Friday, August 27, 2010

Getting Back Control

I went through a rough couple weeks this summer. My house was constantly trashed, the kids were around constantly and becoming increasingly irksome with their boredom of summer vacation. I was constantly stressed, unemployed and broke and my agoraphobia and social anxiety was at a peak. I'd lost control of my life, and worst of all, I was in danger of losing the novel I'd been working on.

Getting a job helped a lot. It's a low paying part time janitorial job, but it's perfect for me. I get to work alone and I have time to think.

I've been reading a book a friend gave me called THE SLIGHT EDGE. It's a pretty good book and makes a lot of sense. One of the points it makes is that the right thing, whether it's exercising, eating the right thing, picking up your living room or working on your novel is easy to do. The problem is that those little things are also easy not to do. Especially when you're exhausted from kids and work. But when you actually do those little things, you feel so much better about yourself, and so much more in control.

I am getting back control. So far, I've managed to get my house clean and I'm keeping up with it. My story is returning to me and I'm getting a minimum of 500 words a day written...which will hopefully increase to 1500 when the kids go back to school. I'm working on keeping up with my blog (stay tuned, there's going to be an exciting guest post!) and I'm working on a plan to get my finances back in order.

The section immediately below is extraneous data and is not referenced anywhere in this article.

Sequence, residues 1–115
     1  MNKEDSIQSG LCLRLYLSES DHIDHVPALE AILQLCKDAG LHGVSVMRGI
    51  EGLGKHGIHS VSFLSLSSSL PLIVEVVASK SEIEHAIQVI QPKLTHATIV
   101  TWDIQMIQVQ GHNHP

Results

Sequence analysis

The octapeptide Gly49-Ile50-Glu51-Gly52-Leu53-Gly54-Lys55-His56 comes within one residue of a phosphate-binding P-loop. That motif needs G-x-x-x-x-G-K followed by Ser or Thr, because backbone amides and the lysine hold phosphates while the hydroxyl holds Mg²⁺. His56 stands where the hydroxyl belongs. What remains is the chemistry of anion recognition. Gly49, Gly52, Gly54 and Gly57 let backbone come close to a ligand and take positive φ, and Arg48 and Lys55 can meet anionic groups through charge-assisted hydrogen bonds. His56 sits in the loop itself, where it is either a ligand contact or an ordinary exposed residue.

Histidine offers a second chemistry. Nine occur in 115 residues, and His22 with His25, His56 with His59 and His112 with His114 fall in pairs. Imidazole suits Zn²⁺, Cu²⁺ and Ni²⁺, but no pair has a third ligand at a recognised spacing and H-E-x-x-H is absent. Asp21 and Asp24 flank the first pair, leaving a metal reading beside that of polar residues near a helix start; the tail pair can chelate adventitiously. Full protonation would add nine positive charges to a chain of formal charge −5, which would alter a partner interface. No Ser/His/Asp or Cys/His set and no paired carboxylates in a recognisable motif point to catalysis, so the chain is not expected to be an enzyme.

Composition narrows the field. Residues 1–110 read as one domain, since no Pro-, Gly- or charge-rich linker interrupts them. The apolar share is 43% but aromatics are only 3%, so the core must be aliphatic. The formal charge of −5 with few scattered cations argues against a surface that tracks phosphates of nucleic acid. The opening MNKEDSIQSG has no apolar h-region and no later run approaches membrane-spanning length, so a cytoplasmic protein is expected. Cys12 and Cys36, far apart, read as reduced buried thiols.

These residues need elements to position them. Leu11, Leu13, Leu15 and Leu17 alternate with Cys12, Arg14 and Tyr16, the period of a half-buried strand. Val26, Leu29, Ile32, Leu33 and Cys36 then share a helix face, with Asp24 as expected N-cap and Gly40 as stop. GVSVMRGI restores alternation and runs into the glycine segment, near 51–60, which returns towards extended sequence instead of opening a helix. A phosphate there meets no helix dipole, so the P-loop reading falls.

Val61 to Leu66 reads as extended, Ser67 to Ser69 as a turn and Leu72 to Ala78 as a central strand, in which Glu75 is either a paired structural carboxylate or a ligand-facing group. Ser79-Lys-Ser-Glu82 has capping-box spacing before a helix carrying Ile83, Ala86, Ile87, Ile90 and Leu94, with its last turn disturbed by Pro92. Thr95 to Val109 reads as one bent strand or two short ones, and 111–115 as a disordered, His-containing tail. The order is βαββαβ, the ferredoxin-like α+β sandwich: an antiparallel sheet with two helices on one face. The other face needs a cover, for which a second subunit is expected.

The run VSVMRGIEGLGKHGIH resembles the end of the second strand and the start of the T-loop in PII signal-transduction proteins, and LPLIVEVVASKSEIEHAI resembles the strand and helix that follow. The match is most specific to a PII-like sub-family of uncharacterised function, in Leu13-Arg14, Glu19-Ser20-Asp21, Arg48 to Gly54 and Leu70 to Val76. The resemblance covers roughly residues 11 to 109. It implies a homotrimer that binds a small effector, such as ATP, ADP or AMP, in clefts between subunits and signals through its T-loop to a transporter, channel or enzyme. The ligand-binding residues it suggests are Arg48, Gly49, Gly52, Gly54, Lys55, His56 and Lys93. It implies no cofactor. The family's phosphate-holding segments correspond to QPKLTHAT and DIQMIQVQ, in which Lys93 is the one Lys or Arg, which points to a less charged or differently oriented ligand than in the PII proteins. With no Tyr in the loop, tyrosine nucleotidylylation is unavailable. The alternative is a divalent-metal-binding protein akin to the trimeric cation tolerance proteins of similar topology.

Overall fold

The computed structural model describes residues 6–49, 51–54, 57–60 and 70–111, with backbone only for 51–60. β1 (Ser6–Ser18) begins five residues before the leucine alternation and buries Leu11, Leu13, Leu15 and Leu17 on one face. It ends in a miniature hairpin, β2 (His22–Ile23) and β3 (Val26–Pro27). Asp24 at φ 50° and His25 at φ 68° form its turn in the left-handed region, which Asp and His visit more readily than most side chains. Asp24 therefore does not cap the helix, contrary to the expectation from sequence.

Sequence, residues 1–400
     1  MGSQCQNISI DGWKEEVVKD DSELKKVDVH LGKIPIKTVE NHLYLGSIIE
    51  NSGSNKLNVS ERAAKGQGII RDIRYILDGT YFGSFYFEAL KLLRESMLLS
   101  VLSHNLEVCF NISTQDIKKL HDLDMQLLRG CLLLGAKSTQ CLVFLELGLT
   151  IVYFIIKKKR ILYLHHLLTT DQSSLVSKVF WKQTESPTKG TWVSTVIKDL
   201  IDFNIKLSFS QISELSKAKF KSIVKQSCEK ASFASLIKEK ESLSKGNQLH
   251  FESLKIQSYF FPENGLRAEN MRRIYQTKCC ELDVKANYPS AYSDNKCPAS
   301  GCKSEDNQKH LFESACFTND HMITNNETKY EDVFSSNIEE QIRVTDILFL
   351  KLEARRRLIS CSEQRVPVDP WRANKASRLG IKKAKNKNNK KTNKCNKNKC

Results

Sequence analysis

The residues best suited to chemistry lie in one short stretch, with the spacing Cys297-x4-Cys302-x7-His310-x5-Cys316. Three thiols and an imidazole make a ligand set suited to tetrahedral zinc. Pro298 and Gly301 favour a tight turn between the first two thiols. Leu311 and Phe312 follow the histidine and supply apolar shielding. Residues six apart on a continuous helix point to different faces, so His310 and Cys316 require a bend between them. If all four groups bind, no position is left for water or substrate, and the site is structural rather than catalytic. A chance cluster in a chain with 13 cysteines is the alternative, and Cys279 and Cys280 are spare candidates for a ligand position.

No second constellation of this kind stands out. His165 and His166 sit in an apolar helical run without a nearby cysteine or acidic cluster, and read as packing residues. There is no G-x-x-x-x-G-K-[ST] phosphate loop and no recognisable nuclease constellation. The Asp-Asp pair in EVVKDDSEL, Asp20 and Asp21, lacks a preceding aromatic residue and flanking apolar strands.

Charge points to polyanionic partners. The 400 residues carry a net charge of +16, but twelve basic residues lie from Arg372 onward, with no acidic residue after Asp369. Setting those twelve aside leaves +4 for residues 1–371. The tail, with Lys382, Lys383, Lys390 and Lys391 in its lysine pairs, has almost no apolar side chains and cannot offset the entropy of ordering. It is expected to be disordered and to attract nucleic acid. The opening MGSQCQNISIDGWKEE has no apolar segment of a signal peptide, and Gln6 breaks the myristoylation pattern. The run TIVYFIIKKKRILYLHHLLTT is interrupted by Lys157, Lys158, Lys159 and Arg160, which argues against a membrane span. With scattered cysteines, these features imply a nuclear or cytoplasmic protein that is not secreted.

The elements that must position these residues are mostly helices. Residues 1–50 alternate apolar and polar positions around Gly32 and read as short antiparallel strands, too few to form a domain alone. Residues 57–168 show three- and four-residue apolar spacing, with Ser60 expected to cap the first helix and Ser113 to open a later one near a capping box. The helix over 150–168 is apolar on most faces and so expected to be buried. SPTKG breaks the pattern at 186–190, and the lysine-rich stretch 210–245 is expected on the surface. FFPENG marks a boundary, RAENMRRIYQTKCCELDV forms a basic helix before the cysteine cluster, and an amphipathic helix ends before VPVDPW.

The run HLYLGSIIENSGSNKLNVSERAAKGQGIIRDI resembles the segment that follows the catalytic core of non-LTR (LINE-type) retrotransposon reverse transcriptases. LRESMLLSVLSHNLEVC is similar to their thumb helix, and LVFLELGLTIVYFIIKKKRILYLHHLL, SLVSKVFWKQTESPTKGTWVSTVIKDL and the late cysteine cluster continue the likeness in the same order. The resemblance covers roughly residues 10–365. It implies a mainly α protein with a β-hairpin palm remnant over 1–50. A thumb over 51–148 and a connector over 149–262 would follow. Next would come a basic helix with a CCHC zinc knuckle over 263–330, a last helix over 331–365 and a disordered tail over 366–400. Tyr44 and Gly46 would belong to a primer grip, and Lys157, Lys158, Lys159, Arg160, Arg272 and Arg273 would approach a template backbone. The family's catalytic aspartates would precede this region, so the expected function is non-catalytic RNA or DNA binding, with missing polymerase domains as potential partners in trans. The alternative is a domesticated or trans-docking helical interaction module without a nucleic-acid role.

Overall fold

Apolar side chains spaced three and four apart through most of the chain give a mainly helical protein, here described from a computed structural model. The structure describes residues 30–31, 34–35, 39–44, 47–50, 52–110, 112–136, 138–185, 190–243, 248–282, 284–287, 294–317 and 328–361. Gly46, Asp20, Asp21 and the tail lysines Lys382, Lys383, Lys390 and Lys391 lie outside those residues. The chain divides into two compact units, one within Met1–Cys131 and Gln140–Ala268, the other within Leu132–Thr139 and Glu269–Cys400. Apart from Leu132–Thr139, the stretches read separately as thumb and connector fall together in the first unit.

These are all little things, but I'm feeling the difference more and more every day.

Monday, August 23, 2010

More Fun Facts about Cats

I haven't done one of these in awhile. So, for your edification, here's some more interesting facts about the most awesome animal in the world. Yes, I'm biased.

1.) Cats have 2 noses. They have a "Jacobson's Organ" in the roof of their mouths like a snake. When you see a cat curl up its upper lip and stick its tongue out a little, they are smelling with that other nose. The action is called, "flehming"and they usually do this when smelling a potential mate or something they've never smelled before.

2.)Cats have 3 eyelids: The third eyelid, which is transparent, is called the "nictitating mebrane." It's there to lubricate the eye by spreading tears across the eye while simultaneously acting as a dust shield. This helps their efficiency in hunting since they don't have to blink as often.

3.) Cat brains have been shown to be more similar to human brains than dog brains. The part of the brain for emotions is the same in both cats and humans. Their visual memory retention is comparable to monkeys, but their short-term memory is a little less than dogs.

4.) At least one cat was documented by a scientist to have adapted an object for use as a tool. The cat thought her food was too dry so she used a hair scrunchie to sop up water from her bowl and then placed it on her food.

5.) Cats shed their whiskers and claws a couple times a year. My husband believes they are lucky.

6.) The darkness of a Siamese cat's points depends on temperature. The colder it is, the darker the points. That's because the pigment is only produced in cooler temperatures. And that's why a Siamese cat's points are at the cooler parts of the body: The tail, feet. ears, and face.